An IDEA Public Schools K-8 charter school that will expand to K-12 by 2028 is nearing completion on a site south of Jacksonville University.

An IDEA Public Schools K-8 charter school that will expand to K-12 by 2028 is nearing completion on a site south of the campus on property that JU sold before Cost became president.

The Jacksonville Transportation Authority built a roundabout at JU’s main entrance at Merrill Road that will soon add a public art installation, Cost said.

The former Town & Country Shopping Center along University Boulevard at the Arlington Expressway is being transformed into the “College Park” residential, retail and commercial center by JWB Real Estate Capital.

“JU is a great partner for us and what we are doing at College Park. The university is a driving force in improving Arlington,” said JWB President Alex Sifakis.

“We are lucky to have someone of Tim’s caliber running JU. We are in constant communication.

Before the medical school was announced, Cost said students and staff will need housing and services such as restaurants, retail and entertainment.

LECOM at Jacksonville University is planned to begin classes in 2026 and expected to grow to more than 600 students, faculty and staff by its fourth year.

JU announced Nov. 30 it will establish a four-year medical school north of the main campus along University Boulevard. JU President Tim Cost; Lake Erie College of Osteopathic Medicine Provost, Vice President and Dean of Academic Affairs Silvia Ferretti; and JU Provost and Senior Vice President of Academic Affairs Christine Sapienza.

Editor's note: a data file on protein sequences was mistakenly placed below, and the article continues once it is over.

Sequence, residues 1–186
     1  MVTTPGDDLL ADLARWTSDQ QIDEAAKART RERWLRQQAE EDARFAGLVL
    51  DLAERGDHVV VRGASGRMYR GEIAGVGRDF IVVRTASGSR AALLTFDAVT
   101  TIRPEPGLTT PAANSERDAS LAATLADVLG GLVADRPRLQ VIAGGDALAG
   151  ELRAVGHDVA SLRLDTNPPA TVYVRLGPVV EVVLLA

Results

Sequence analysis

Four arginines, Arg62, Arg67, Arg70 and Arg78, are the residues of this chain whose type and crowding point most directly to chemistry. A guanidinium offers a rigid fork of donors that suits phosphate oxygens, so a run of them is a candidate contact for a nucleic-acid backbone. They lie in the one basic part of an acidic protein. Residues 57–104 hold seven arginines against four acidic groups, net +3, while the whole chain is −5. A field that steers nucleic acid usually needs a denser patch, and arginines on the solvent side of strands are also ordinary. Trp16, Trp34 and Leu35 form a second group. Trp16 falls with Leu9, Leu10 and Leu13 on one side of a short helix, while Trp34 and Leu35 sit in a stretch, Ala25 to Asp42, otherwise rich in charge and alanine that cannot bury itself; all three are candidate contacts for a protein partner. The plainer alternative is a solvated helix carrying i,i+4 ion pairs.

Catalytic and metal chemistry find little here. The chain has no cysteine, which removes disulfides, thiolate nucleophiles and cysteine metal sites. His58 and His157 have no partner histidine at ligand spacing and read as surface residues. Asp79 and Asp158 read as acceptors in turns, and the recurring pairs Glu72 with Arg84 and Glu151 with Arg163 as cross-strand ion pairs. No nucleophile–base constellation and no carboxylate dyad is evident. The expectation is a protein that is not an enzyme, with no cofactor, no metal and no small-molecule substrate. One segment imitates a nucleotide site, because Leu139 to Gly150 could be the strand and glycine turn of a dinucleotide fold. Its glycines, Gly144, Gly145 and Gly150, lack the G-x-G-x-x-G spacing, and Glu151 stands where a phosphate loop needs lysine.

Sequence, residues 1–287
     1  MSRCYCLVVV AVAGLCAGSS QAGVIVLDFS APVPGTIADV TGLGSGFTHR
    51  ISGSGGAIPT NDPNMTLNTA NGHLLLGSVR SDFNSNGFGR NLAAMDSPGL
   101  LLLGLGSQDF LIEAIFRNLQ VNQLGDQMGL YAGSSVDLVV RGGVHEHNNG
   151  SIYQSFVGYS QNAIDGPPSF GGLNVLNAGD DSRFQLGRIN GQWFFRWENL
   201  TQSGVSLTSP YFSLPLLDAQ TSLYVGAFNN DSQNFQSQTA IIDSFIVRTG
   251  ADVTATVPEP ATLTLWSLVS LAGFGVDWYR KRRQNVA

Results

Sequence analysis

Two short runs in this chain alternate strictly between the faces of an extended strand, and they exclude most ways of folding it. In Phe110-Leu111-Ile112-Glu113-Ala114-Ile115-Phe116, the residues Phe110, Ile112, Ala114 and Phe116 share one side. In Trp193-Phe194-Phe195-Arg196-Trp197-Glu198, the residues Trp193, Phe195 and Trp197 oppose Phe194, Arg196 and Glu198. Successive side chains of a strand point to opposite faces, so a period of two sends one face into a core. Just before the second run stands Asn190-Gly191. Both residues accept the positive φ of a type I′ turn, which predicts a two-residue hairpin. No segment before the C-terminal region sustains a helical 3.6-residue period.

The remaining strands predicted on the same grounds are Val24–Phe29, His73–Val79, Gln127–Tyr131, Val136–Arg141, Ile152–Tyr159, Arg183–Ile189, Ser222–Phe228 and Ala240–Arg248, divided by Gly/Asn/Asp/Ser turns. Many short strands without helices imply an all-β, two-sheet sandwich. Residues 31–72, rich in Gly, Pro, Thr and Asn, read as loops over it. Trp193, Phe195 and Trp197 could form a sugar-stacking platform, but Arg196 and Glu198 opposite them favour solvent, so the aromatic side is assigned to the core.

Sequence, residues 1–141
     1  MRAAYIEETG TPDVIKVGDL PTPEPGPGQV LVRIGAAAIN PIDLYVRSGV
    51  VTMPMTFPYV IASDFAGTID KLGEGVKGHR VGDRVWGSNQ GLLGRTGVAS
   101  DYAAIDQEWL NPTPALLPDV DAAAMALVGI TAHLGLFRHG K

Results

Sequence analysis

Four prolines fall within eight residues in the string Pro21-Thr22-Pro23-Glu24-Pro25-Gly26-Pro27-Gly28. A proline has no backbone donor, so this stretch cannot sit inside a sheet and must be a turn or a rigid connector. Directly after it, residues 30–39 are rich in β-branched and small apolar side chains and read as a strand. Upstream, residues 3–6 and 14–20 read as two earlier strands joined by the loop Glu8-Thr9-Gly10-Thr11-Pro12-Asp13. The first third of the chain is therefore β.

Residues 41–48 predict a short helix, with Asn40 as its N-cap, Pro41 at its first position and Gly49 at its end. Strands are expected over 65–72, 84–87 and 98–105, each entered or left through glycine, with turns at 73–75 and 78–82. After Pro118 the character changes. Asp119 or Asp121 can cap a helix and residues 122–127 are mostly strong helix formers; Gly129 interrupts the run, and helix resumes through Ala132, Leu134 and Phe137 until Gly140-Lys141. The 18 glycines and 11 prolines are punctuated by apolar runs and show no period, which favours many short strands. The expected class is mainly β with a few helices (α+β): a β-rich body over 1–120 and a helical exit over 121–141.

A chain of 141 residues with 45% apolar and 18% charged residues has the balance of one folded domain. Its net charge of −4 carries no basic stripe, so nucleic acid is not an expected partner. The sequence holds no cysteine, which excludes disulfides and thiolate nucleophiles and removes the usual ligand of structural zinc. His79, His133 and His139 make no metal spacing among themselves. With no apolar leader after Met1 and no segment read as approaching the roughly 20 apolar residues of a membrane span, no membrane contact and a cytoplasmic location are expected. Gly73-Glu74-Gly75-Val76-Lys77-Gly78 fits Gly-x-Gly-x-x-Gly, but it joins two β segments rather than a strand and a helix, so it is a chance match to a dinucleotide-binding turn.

“We are in meetings with all the major developers in Jacksonville. We believe there should be a collegiate village around a university like JU,” Cost said in November.

“That doesn’t currently exist in Arlington. We want the people who drive economic activity to understand where we are going.”

Accelerating JU’s ascent

In December, the trustees and Cost agreed to extend his contract through 2027.

Cost says JU will continue to focus first on student success while continuing to be active in developing the Arlington neighborhood near the campus.

He does not anticipate growth in enrollment beyond the current about 3,800 full-and part-time students, favoring JU’s small student-to-faculty ratio.

Jacksonville University President Tim Cost and Chancellor Emeritus Frances Bartlett Kinne, who was JU’s president when Cost was a student there. Kinne died in 2020.

Cost said another of his priorities is sustaining the culture at the university fostered by two of Cost’s mentors as a student and as president, the late Chancellor Emeritus Frances Bartlett Kinne and the late Robert Shircliff, who was a JU trustee for 23 years.

“They were community stewards and created the culture of service, excellence and dedication to our students and their families,” Cost said.

He said it is “all about making the students as successful as possible by being relevant and providing an excellent education experience.”

“There is a lot more good stuff ahead of us. We plan to accelerate the ascent of the university as much in the next five years as we have in the past 10.”

The Cost era at Jacksonville University

February 2013

• Tim Cost becomes Jacksonville University’s 12th president.

August 2013

• The JU Public Policy Institute opens, offering at the time the first and only Master in Public Policy degree program in Florida.

• The Master of Science in Speech Language Pathology program begins.

March 2014

• The Defenders’ Den, a study space and lounge for students who are military veterans, opens. 

April 2014

• The River House, the former president’s residence on campus, is renovated and opens as a meeting space and pub.

May 2014

• Jacksonville University acquires 40 acres of riverfront property south of campus.

• The Marine Science Research Institute’s floating classroom and docks open for students.

August 2014